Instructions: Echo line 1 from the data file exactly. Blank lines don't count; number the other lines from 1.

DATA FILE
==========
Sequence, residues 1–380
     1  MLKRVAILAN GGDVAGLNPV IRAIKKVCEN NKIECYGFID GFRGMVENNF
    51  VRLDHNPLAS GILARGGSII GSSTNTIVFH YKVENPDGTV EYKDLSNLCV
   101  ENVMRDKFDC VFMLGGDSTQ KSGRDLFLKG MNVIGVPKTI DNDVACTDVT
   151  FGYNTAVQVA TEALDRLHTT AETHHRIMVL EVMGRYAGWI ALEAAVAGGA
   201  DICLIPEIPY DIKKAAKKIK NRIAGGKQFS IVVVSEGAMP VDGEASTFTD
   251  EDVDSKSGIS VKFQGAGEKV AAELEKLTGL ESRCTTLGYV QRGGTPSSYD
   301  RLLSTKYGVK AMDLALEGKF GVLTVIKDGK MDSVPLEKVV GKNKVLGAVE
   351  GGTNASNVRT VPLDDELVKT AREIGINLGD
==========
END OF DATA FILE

Sequence, residues 1–380